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Sheriff's office and justice system to see cuts in 2012
The sheriff's office, prosecutor's office and jail will have to eliminate positions to maintain a budget next year aligned with Kitsap County Commissioners' preliminary 2012 budget. For the prosecutor's office and jail, that means the loss of some positions that are currently filled.
A total of $2.3 million was cut from the county's general fund budget to match the projected revenue for 2012.
"The budget is balanced and almost $50,000 can go toward funding other services or building a preserve in 2012," said Kitsap County Commissioner Josh Brown.
The community will be able to discuss their opinions on the preliminary 2012 budget at a public hearing at the next Board of County Commissioners meeting Monday, Dec. 28. Commissioners will adopt the budget in December.
The county's preliminary 2012 expenses budget is $78,599,002 for a total of 19 departments, reduced by about $1.5 million from the 2011 budget. With an expected loss of revenue countywide — revenue for 2012 is estimated at $78,648,837 with the 2011 budget revenue at $80,66,300 — cuts had to come from the departments.
Since 2008, cuts have been made to the prosecutor's office budget every year. In the most recent iteration, Kitsap County Prosecutor Russell Hauge said about $220,000 was cut from his budget.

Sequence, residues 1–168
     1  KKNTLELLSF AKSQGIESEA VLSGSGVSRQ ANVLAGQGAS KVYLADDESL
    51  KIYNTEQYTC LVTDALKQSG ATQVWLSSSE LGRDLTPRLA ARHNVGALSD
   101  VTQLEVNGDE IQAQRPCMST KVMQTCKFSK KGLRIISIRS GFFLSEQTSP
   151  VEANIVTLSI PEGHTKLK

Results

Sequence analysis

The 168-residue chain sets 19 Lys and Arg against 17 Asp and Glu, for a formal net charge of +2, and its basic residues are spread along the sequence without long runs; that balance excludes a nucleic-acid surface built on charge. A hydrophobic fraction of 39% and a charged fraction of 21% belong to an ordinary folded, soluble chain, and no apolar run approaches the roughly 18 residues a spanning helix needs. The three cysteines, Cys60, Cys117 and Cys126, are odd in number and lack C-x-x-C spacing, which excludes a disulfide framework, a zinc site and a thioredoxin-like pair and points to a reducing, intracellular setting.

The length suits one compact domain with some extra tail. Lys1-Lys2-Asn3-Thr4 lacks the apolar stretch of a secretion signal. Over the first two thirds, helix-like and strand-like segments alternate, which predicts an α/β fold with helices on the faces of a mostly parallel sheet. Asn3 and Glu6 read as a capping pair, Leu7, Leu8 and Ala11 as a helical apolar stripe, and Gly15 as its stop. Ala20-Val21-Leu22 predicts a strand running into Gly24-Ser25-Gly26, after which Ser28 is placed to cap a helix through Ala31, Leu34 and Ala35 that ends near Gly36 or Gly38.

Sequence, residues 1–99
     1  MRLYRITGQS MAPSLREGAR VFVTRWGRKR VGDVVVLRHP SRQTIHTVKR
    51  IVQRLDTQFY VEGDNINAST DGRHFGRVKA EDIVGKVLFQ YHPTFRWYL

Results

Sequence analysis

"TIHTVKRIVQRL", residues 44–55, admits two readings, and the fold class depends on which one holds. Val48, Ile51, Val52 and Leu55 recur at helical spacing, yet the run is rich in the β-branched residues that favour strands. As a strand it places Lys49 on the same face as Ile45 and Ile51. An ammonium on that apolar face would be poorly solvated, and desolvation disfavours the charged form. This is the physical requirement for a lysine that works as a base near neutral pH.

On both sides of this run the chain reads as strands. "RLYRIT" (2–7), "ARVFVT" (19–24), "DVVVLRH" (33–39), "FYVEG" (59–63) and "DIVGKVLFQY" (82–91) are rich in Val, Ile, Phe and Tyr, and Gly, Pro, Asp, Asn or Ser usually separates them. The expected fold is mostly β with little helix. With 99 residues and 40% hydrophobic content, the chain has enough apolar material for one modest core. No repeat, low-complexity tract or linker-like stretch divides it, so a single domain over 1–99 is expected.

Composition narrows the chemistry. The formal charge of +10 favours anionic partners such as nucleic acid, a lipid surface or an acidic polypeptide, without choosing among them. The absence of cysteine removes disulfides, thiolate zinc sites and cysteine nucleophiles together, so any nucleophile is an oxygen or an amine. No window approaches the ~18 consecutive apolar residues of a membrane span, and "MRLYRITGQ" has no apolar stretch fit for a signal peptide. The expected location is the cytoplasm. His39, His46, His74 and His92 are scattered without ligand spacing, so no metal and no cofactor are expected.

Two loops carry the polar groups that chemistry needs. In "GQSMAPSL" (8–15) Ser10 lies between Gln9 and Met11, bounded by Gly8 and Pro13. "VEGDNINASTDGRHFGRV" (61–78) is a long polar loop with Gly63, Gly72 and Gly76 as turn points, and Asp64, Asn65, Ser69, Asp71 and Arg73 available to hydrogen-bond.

"The problem is that [with] the county's general fund, most goes to the justice system," said Hauge, adding that it makes sense that cuts would have to be made there as well.
Brown said more than 70 percent of the county general fund budget goes toward the criminal justice system.
Half of a deputy prosecutor position and one victim witness support position will be eliminated, at minimum, due to the loss of money to the prosecutor's office, Hauge said. His office will undergo reorganizing with the net loss of two support staff positions.
All of the cuts that they anticipate for 2012 will come from criminal operations. Aside from the criminal operation, the prosecutor's office is made up of child support — which is completely state-funded — and a civil division. "We are very fortunate for the last several years that the number of cases has been pretty stable," said Hauge.
The number of criminal referral activity was at 12,793 in 2001 and 12,509 in 2006.